• Redundancy: Distributing DNS queries across multiple servers to prevent a single point of failure.

By implementing these measures, organisations can make their DNS infrastructure more resilient against NXDOMAIN attacks.

What is an NXDOMAIN Attack, and Why Should You Care?

An NXDOMAIN attack targets the Domain Name System (DNS), the internet’s phonebook that translates website names into IP addresses. Attackers bombard DNS servers with a flood of requests for non-existent domains. This seemingly innocuous act has a devastating impact.

  • Resource Drain: The DNS server, overwhelmed by the onslaught of junk requests, becomes bogged down. It wastes valuable resources trying to find these non-existent domains, leaving it unable to respond to legitimate requests from your customers. This translates into slow loading times or complete outages for your website, frustrating your customers and potentially leading to lost sales.
  • Reputational Damage: A website outage can severely damage your brand reputation. Customers who encounter error messages or slow loading times will likely associate your business with unprofessionalism or unreliability. This negative perception can be hard to shake off.

The financial implications of an NXDOMAIN attack can be significant. A study by the Ponemon Institute revealed that the average cost of such attacks can reach $1 million per hour. However, by investing in measures to protect your DNS infrastructure, you can significantly minimise the risk and potential impact of such attacks, saving your company millions of dollars in possible losses. Considering the potential for lost sales and brand damage, the ROI for fortifying your defences against NXDOMAIN attacks becomes abundantly clear.

Protecting Your Business from the Drip, Drip, Drip

As CEOs, you have the power and responsibility to mitigate the risk of NXDOMAIN attacks. Fortunately, there are measures you can take to safeguard your business:

  • Rate Limiting: Implement measures limiting requests a single source can send to your DNS server. This helps to identify and throttle suspicious traffic patterns before they overwhelm the system.
  • DNS Security Measures: Invest in security solutions to identify and filter out NXDOMAIN attack traffic. These tools can act as a shield, deflecting the barrage of junk requests before they reach your server.
  • DNS Redundancy: Don’t put all your eggs in one basket. Distribute your DNS queries across multiple servers. This way, if an attack targets one server, the others can continue to function, minimising downtime for your website.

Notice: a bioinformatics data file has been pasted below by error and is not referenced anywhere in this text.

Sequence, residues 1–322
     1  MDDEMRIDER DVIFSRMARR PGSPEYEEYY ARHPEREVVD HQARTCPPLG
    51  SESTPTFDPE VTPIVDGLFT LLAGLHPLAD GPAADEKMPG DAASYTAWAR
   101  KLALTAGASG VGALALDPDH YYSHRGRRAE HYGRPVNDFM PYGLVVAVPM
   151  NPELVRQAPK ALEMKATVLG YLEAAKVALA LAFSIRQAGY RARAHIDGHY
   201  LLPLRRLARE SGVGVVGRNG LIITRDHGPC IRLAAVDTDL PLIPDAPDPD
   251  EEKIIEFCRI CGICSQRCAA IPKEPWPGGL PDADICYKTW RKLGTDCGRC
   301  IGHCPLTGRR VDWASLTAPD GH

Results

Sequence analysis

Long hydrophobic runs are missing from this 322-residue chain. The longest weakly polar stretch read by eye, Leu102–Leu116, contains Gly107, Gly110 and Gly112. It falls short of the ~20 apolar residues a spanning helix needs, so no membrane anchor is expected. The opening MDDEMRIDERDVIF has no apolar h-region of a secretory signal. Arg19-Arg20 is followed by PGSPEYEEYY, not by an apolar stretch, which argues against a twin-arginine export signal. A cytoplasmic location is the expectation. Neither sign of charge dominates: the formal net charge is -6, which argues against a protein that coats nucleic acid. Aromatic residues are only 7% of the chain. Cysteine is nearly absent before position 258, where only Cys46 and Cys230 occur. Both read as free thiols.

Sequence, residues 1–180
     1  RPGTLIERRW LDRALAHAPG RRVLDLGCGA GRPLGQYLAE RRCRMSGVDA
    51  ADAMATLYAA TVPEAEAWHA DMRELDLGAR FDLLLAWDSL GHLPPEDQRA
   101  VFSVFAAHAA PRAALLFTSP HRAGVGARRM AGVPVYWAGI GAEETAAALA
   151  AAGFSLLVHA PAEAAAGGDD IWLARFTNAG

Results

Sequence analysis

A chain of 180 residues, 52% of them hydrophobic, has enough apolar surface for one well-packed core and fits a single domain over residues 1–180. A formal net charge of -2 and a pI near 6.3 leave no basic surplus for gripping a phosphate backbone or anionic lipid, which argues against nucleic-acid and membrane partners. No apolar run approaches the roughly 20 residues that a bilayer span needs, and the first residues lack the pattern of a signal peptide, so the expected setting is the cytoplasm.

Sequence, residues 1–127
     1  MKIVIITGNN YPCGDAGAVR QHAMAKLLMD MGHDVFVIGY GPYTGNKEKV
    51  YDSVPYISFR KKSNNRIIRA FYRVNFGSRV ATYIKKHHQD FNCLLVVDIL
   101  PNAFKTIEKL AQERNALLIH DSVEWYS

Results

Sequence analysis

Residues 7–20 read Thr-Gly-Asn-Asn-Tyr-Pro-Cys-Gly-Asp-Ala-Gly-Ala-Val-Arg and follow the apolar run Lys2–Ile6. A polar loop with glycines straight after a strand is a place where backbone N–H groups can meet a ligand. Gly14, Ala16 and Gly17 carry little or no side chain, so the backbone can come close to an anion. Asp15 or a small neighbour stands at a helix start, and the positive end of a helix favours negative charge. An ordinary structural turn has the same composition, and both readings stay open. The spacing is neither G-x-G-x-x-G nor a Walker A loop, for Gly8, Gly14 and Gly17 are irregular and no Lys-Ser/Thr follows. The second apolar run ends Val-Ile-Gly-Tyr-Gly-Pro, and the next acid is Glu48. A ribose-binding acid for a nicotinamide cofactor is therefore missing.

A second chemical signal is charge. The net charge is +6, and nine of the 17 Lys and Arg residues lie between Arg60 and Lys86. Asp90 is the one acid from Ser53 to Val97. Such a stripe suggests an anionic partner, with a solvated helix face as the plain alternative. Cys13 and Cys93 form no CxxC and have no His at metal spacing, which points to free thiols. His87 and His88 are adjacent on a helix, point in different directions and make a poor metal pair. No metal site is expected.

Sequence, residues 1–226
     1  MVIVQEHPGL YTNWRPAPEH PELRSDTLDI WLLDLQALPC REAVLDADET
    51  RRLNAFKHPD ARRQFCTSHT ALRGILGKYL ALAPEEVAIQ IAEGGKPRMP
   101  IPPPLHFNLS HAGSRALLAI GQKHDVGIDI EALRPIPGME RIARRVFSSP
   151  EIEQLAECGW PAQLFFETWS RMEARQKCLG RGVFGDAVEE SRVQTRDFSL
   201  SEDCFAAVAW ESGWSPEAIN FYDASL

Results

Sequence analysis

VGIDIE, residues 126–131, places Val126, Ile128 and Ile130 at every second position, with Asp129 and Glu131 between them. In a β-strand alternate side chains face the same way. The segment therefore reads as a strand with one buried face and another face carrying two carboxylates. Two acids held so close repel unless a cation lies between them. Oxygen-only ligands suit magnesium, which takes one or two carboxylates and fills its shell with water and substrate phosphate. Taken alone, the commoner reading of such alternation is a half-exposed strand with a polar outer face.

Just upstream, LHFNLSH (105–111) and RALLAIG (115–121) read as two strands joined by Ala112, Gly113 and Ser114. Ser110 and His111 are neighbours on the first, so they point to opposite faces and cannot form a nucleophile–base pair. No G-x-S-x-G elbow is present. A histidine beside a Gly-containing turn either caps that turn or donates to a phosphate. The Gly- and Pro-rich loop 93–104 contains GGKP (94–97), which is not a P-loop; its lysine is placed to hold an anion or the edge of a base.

By taking a proactive strategy for DNS security, you can safeguard your Internet-facing servers and ensure a seamless customer experience. This means not waiting for an attack but instead implementing the suggested measures to prevent potential damage. Remember, in today’s digital world, every second your website is down translates into lost opportunities. Don’t let an NXDOMAIN attack become the drip that erodes your bottom line.

Web Application Firewall to prevent DDoS

While Web Application Firewalls (WAFs) are a crucial security tool, they are not a silver bullet for preventing DDoS attacks. Here’s a breakdown of why and how WAFs can still be helpful in a DDoS mitigation strategy:

Limitations of WAFs for DDoS:

  • Focus: WAFs primarily focus on application-layer (Layer 7) attacks that target vulnerabilities in your web application (like SQL injection). On the other hand, DDoS attacks often overwhelm systems at the network layer (Layers 3 & 4) with sheer volume, bypassing the application layer altogether.

How WAFs can still help:

  • L7 DDoS Attacks: WAFs can be effective against specific DDoS attacks that target the application layer, such as HTTP floods or application-specific denial-of-service attacks. By identifying and blocking abnormal request patterns, WAFs can help mitigate these attacks.
  • Early Warning System: WAFs can act as an early warning system for DDoS attacks. They can detect sudden spikes in traffic volume or unusual request patterns, which can signify a DDoS attack in progress. This allows you to take timely action to mitigate the attack with other tools.
  • Rate Limiting: Many WAFs offer rate-limiting features. By limiting the number of requests an IP address can send within a specific timeframe, WAFs can help prevent individual attackers or botnets from overwhelming your resources.